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Ads push boycott of Alberta over oil sands

Last week, Corporate Ethics International launched a multi-year ad campaign – including an online video (above), ads on Google and tourism websites, and billboards in Seattle, Portland, Denver and Minneapolis – calling on tourists to boycott Alberta over the province’s oil sands. According to the Wall Street Journal:

Tourism is important for Alberta, which attracts hundreds of thousands of tourists every year to its wilderness parks and resorts in Banff and Jasper, and to the annual Stampede rodeo and outdoor show in Calgary.

Alberta officials and members of the oil sands industry were angry at the ad campaign. Alberta Premier Ed Stelmach said in a press conference Wednesday that the campaign “does, of course, anger me to a large degree because it’s an attack on about a hundred thousand Albertans whose lives depend upon the tourism industry.”

In an interview with CTV News Channel,  executive director of Corporate Ethics International Michael Marx explained the motivation for the “Rethink Alberta” campaign and why the characterization of the the effort as an “attack” isn’t accurate:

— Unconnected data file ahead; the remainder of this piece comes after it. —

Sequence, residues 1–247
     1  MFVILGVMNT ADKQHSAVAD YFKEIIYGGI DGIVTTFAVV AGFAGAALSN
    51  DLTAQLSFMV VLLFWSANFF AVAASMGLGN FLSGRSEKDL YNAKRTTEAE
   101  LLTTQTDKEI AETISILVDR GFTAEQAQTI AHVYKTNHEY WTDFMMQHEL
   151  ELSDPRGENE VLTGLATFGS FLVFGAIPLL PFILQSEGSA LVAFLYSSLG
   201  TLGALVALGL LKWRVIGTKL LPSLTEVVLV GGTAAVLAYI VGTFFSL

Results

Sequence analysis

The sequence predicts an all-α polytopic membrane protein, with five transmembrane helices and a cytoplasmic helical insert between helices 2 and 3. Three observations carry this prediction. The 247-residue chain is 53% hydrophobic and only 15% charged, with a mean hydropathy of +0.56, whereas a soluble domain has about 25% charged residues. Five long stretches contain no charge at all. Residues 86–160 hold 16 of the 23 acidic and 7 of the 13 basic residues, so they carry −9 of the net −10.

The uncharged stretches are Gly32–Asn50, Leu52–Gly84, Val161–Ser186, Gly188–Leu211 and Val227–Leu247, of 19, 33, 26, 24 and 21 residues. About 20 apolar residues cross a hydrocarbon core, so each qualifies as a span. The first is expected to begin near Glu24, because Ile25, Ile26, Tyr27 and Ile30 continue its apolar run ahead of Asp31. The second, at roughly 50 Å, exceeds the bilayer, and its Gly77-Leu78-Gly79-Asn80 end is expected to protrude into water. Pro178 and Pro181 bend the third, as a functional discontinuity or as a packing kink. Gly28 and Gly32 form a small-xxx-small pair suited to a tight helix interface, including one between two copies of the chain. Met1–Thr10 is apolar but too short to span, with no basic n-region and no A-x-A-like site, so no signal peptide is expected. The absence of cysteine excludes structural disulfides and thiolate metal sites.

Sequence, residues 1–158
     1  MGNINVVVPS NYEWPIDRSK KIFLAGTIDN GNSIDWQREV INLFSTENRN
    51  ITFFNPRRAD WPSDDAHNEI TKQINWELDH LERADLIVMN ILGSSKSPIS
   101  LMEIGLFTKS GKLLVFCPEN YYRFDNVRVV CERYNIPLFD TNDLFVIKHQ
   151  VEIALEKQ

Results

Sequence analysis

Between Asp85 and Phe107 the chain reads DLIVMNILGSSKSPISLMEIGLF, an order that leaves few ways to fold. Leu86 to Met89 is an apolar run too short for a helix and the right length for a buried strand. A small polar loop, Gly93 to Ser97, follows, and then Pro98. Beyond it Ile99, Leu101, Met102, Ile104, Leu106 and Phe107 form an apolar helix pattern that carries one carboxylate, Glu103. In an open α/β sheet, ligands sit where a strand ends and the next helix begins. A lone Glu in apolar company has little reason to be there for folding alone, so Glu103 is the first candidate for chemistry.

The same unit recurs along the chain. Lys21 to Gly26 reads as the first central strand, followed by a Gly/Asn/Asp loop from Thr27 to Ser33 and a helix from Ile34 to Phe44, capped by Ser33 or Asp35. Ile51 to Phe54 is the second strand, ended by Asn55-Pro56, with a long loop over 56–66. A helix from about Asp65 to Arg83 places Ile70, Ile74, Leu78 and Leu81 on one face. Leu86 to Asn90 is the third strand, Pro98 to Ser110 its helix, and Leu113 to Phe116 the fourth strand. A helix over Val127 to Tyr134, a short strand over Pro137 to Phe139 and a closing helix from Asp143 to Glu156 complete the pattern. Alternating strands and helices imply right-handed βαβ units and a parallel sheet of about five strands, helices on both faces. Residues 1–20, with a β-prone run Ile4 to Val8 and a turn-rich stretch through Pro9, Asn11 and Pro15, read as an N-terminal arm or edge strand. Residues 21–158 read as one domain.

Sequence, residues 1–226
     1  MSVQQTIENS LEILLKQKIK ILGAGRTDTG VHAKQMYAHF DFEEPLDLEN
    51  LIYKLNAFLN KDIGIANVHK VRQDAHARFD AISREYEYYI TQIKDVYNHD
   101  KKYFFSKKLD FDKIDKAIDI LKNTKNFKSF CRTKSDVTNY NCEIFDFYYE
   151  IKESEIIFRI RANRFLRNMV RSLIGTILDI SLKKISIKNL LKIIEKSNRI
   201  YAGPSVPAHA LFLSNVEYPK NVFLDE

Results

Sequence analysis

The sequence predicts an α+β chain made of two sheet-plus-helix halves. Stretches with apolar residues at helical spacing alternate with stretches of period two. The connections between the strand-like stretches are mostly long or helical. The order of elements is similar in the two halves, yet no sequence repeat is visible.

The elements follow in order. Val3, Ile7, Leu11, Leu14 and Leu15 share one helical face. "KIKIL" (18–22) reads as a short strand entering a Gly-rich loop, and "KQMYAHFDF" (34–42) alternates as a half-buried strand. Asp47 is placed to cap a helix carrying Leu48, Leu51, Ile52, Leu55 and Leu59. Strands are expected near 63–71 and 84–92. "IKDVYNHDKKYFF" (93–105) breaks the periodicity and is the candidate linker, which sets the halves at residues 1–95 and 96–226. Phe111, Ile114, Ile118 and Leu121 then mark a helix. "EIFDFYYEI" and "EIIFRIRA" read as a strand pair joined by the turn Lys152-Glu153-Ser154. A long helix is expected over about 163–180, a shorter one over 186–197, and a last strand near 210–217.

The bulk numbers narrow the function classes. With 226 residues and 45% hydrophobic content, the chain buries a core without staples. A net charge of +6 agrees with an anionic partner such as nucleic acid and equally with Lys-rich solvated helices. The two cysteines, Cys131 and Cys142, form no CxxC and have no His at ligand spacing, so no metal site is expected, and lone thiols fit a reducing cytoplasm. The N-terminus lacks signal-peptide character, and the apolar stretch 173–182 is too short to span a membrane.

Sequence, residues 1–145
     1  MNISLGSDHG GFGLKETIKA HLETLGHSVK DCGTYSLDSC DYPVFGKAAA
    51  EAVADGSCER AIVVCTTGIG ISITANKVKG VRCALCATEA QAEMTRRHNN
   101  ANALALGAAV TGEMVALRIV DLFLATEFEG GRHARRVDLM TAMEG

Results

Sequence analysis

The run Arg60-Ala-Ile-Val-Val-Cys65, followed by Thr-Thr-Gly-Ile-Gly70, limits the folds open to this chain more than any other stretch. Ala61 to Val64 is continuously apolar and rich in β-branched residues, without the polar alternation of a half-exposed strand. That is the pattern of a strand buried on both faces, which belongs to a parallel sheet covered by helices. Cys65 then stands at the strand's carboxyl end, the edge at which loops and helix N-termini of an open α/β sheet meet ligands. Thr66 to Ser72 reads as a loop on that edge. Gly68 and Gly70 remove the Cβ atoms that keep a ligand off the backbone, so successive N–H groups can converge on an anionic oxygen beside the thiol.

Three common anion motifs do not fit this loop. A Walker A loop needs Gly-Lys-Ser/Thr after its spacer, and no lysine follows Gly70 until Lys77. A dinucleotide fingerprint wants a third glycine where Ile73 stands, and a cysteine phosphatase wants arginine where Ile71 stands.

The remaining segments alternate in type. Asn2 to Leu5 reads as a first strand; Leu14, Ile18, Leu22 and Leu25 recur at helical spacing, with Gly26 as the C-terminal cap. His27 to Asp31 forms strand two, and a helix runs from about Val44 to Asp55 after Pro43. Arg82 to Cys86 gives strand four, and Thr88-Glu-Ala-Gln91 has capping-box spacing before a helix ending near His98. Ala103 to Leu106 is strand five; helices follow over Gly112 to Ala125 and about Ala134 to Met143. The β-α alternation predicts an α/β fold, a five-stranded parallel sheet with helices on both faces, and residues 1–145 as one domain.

“We think the Alberta government has been pretty arrogant in ignoring the concerns of environmental groups in the U.S., in Europe and in Canada, as well as First Nations, and that it’s been deceptive in its public relations in claiming that they’re greening the tarsands,” Marx said.

“We felt like we needed to be more aggressive in calling the government out.”

He added that his group doesn’t wish to harm tourism businesses but hopes they will get involved in oilsands issues.

“Ultimately we think that the tarsands industry, by contributing to global warming, actually endangers the tourist industry,” he said.

Whether that message will resonate with Albertans is yet to be seen. Next week the group is rolling out a similar ad campaign in the UK.

In other tar sands news:

Another campaign has been growing in the U.S. that hopes to block TransCanada from building the Keystone XL pipeline that would carry crude from Alberta to refineries in Texas. Henry Waxman, a prominent congressman, and 50 other legislators stated their opposition to the project.